Is it always perfect? No. The show can sometimes have too-topical-for-their-own-good cases of the weak (the tech cases tend to be particularly weak in this regard), and the subplots involving Alicia's kids can seem forced.

But still. I've loved it for 4 seasons and season 5 is just firing on all goddamn cylinders.
posted by flibbertigibbet at 3:18 PM on December 17, 2013


No one I know in life watches The Good Wife but the people I know online who do watch it ARE VERY VOCAL ABOUT IT so I figure I might have to give it a shot even if having a Mom in the justice system means I am painfully allergic to legal shows.
posted by The Whelk at 3:28 PM on December 17, 2013


*Spoiler*

I watched the last episode with increasing despair. It was all about Carrie. The tension and drama of earlier seasons has been replaced by too many shots and scenes of her eyes becoming ever more moist. For me the "jumping the shark" was when she leapt up the fence shutting "Brody" as he was being hung. Really? Amongst all that crowd? Yeah, nah, as we say here. Someone on The Guardian wisely observed that once Claire Danes, who plays Carrie, became a Producer of the show, it would be all downhill. Sadly this true. We won't be back for Season 4.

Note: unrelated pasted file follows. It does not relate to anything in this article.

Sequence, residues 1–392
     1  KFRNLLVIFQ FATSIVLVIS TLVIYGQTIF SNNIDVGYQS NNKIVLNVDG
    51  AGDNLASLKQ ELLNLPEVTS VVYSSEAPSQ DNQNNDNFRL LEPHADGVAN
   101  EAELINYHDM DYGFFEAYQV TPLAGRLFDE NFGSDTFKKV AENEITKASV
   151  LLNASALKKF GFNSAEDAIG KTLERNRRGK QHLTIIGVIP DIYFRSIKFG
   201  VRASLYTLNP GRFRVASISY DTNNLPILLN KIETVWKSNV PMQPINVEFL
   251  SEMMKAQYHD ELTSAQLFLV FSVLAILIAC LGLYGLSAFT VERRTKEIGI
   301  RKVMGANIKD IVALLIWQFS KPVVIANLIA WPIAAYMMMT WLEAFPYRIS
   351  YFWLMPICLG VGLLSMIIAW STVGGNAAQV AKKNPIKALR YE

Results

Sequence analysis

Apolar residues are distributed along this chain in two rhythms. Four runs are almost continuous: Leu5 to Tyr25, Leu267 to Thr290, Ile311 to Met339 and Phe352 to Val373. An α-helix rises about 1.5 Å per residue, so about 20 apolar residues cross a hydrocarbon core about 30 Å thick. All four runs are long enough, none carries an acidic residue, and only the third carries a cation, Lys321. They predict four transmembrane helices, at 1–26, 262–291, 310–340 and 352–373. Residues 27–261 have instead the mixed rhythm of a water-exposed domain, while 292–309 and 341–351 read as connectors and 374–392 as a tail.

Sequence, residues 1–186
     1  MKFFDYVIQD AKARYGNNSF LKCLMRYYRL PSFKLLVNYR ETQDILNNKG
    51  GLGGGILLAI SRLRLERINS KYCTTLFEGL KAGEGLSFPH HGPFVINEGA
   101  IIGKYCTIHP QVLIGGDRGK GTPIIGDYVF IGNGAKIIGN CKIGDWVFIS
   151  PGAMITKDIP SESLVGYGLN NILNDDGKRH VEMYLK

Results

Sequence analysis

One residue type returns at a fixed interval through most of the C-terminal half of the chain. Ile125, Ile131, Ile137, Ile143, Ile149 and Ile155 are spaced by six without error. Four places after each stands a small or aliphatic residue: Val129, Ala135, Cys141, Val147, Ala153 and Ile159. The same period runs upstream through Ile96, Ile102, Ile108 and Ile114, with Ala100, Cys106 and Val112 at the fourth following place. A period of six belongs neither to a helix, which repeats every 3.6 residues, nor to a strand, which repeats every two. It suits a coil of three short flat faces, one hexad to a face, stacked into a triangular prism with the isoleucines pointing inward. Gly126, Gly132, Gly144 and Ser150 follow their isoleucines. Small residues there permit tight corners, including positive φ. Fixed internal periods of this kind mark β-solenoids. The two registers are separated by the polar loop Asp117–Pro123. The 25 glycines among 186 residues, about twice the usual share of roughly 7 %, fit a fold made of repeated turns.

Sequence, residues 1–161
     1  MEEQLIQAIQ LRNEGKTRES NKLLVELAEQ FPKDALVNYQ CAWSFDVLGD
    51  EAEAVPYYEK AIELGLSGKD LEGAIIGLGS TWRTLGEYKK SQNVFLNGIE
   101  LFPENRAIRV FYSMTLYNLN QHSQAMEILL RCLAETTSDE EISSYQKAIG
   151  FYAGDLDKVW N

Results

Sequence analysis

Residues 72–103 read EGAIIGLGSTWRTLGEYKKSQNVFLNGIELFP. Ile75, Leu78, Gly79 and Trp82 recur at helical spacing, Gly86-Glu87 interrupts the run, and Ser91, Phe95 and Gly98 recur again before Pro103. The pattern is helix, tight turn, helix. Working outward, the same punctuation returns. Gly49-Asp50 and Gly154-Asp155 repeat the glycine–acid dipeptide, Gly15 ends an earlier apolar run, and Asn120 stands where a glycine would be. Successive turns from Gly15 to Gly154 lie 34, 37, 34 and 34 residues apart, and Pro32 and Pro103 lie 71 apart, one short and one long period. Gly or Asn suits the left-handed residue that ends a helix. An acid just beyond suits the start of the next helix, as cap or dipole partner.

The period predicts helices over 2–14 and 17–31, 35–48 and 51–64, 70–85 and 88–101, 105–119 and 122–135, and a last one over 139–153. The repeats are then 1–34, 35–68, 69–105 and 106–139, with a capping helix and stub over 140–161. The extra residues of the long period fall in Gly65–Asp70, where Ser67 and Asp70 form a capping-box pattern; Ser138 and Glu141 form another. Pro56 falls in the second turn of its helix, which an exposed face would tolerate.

posted by vac2003 at 3:33 PM on December 17, 2013


Short shows like Terriers (although the finale is a doozy as it packs like 3 seasons of plot into one episode)

This is true, and in fact it does go from "interesting" to "barf I can't watch this" all in the space of that one season, too.
posted by bleep-blop at 3:49 PM on December 17, 2013


Sons Of Anarchy.... when it went to Ireland... oh jehsus and begorrah... that was glorious (+1000 bonus points for diddly-deeing up the theme music). Pitty not soon afterward it just went to boring terrible and I could no longer watch.
posted by fearfulsymmetry at 3:57 PM on December 17, 2013


SHIELD is still putzing around with the Centipede bad guys, it took a few detours into meh land (including a stuuuupid tie-in with the new Thor movie) and has yet to let any of the characters develop in any way whatsoever. This series has been such a dissapointment, geez. In particular, Jackson's cameo or not, it doesn't feel at all like it's part of the Marvel universe, but a cheap clone of Alias or something like that.

Yes, bring back Utopia!
posted by Iosephus at 4:05 PM on December 17, 2013


But then, people only said it was the best show to come out that year because most people didn't see Black Mirror.

Black Mirror gave me the existential heebie jeebies.
posted by KokuRyu at 4:15 PM on December 17, 2013 [1 favorite]


I gave up on Homeland before this past season started. Tell me, was Carrie right about everything again this year?
posted by dobbs at 4:54 PM on December 17, 2013


Carrie was the mystery.
posted by It's Raining Florence Henderson at 4:59 PM on December 17, 2013


As I have said in the past, I love this show. Other shows, not mentioned yet, that I'm loving right now (in alphabetical order) are:
Breathless
Broadchurch
Copper
Hell on Wheels
Peaky Blinders
Ripper Street
Spies of Warsaw (mini-series)
Spiral (Engrenages)
The Paradise
The Village (mini-series)
Whitechapel
posted by unliteral at 5:17 PM on December 17, 2013


Sons Of Anarchy.... when it went to Ireland

The only good thing about that entire rubbish arc was the sweaty shirtless fighting scene.
posted by elizardbits at 5:37 PM on December 17, 2013